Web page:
Both the PSUAAUP and the PAT have not been alone in their struggles. At PSU the Associated Students of PSU and the PSU Action Committee have been standing behind their professors. Cameron Frank of the PSUAC described the administration as “so out of touch with the campus community.” Both groups have taken it upon themselves to educate the PSU student body as to what is at stake and where the administration and professors stand on the issues.

Meanwhile, the PAT has found support from students. The Portland Student Union has walked out of class, taken over a January 13 school board meeting, and set forth its own vision for Portland’s schools, one that works with teachers and members of the community. The PAT’s inclusive model of organizing has paid dividends, as exemplified by the large crowd that supported it at the January 13 board meeting–a turnout that, by many accounts, kept the board from imposing its contract on the teachers.


It is a model that Ian Jackson, a senior at Cleveland High School, wants to see replicated outside of the schools as well. “We’re the ones who are going to be coming into unions,” he said, while adding that the PAT fight is also a larger fight against austerity. Jackson reminded the audience of the importance of solidarity between students and unions in the 1968 uprising in France, in Quebec over the past few years, and in the recent Arab Spring movements.

The other side of the coin might be found with the DCTU, the trade federation that includes the 1600 members of AFSCME Local 189, Laborers Local 483, IBEW Local 48, Machinists Lodge 24, Operating Engineers 701, Plumbers and Pipefitters 290, and Painters and Allied Trade Council 5. While the DCTU has held a few rallies, those rallies have been largely composed of their members, and consequently have had a very different feel to them than PAT events. Around town, where it is difficult to walk too far and not find a sign on a lawn or a storefront expressing support for Portland teachers, there appear to be no signs mentioning the DCTU. The absence is glaring.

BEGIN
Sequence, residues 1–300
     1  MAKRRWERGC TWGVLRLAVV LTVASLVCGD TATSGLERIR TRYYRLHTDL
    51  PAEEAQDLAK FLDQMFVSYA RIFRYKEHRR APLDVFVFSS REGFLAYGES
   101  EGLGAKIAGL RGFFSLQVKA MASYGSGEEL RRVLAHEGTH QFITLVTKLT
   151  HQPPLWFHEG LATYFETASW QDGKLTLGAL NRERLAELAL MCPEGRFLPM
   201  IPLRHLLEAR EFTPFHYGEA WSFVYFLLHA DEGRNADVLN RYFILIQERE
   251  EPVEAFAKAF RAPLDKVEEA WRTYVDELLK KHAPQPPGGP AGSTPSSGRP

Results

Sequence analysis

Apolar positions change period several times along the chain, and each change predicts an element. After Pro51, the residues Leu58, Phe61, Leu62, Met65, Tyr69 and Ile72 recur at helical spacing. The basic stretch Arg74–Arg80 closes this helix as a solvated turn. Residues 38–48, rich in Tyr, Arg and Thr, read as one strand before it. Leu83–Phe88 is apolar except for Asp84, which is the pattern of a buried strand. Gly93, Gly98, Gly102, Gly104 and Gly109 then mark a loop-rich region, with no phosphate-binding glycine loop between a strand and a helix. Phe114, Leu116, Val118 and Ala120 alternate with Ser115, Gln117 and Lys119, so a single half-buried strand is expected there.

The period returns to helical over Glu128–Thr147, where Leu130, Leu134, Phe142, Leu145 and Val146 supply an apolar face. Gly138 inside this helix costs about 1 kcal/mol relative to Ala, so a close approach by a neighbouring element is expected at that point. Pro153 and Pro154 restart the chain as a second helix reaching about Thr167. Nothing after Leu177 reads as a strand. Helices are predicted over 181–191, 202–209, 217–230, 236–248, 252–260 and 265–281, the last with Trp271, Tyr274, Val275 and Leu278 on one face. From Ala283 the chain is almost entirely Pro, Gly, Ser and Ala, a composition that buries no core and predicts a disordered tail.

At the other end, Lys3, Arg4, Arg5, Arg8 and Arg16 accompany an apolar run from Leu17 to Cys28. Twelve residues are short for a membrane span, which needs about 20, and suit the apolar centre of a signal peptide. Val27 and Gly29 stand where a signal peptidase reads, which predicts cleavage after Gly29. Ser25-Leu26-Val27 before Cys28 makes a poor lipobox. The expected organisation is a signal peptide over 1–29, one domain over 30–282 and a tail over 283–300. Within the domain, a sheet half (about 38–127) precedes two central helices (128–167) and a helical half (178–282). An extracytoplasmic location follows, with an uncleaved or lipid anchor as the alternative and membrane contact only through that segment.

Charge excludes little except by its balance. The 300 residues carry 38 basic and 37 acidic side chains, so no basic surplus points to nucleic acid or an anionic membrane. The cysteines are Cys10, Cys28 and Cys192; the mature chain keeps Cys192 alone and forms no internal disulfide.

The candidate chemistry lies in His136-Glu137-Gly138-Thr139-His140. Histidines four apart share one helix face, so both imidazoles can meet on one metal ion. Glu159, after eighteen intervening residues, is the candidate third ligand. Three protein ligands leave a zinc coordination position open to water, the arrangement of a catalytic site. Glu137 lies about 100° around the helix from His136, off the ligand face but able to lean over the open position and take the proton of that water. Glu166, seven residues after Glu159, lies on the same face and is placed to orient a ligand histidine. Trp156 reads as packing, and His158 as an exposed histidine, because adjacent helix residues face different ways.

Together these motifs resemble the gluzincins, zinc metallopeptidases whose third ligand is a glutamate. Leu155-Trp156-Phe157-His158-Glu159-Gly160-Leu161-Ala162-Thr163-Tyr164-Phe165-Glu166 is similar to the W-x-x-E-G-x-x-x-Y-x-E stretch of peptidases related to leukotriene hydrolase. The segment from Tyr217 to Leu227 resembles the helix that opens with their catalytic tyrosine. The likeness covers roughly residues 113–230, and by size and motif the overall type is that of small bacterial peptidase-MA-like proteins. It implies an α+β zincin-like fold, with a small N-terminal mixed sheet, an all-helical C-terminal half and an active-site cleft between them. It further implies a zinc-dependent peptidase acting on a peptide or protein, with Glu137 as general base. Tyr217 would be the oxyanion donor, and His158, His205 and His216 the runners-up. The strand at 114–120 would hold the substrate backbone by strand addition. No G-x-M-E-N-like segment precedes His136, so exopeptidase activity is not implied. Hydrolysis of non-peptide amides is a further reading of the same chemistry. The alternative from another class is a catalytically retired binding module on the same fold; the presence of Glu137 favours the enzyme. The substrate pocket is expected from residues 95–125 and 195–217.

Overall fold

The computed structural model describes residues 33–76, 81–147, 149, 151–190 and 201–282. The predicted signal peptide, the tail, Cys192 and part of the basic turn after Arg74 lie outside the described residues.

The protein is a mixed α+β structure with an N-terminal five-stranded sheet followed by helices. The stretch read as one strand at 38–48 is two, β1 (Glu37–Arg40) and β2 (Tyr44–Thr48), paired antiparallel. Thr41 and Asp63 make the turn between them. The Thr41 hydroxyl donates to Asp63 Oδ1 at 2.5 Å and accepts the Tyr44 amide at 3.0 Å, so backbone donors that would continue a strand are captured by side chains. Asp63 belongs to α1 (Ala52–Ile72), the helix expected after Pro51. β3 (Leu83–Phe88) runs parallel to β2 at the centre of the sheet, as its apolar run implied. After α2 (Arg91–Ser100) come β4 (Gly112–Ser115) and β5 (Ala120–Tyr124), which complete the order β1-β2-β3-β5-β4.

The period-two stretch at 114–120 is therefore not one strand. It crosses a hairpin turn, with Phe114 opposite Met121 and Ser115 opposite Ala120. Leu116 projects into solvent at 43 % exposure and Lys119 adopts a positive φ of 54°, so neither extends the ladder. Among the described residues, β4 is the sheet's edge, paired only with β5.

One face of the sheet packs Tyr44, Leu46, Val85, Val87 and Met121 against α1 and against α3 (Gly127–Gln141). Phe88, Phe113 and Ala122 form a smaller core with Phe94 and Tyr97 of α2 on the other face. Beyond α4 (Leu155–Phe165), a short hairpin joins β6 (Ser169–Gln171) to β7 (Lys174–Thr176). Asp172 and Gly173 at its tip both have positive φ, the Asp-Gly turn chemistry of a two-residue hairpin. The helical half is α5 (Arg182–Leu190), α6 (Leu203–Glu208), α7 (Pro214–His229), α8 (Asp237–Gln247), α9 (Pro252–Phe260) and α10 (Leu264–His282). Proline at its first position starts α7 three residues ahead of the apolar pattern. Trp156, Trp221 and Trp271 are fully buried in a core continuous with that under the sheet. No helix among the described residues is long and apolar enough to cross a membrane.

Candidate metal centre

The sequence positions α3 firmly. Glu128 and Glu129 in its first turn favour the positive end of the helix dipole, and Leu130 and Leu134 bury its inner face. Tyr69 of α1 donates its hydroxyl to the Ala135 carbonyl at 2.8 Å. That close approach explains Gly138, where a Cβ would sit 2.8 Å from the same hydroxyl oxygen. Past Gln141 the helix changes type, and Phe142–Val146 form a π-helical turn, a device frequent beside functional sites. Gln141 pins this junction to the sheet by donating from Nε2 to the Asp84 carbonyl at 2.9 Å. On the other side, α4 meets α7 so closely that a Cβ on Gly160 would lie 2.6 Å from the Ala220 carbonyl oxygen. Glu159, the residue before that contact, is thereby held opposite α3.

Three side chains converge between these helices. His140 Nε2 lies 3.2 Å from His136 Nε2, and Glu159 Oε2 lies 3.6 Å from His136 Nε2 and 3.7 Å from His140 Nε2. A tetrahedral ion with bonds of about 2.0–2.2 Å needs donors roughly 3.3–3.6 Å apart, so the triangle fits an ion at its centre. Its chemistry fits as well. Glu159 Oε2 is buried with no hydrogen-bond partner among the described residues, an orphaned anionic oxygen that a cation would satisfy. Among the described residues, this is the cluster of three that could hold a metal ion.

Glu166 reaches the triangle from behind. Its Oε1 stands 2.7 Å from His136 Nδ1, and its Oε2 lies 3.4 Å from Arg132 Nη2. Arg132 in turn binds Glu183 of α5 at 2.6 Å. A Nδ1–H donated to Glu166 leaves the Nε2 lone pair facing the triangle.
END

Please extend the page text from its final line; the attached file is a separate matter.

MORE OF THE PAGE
The bargaining team for the DCTU has agreed to the City’s settlement offer, and soon its 1600 members will vote on it. One of the major sticking points between the City and the DCTU was the rules surrounding the City’s ability to contract labor outside of the union. With a few exceptions, the City was unable to do so unless it could prove that it would be cheaper. The new contract contains huge concessions to the City, and, if accepted, will give the City much greater leeway in contracting out work.

Prior to the forum, a few members of the unions in the DCTU said some of the DCTU leaders, when urged to fight back against the City, told members it was too early to do so. Now they say it is too late. With so little solidarity fostered outside of the DCTU, they may be correct, at least for the moment. If the members reject the contract and reach out to the community as the PAT has, they may be able to bend the City to their will.

Last November there was a rally against the Oregon Business Association. The OBA was congratulating itself for its victories in promoting austerity, while protesters outside talked about fighting back and creating a people before profit society. Ahjamu Umi, an organizer for the Service Employees International Union, talked about his experience working with the Oregon University System (OUS) workers. Umi said they won because they had solidarity with the students. Knowing the students had their backs made them more willing to go out on strike, and the threat of the strike, according to Umi, made OUS administrators concede.

The strike is one of labor’s most important weapons, but its effect is minimized if it is not part of a strategy that incorporates solidarity with the greater community. There must be sustained outreach that demonstrates the importance of supporting worker rights. Solidarity is hard work. A holistic approach to it requires constant maintenance–not a call to arms only when a contract is being negotiated.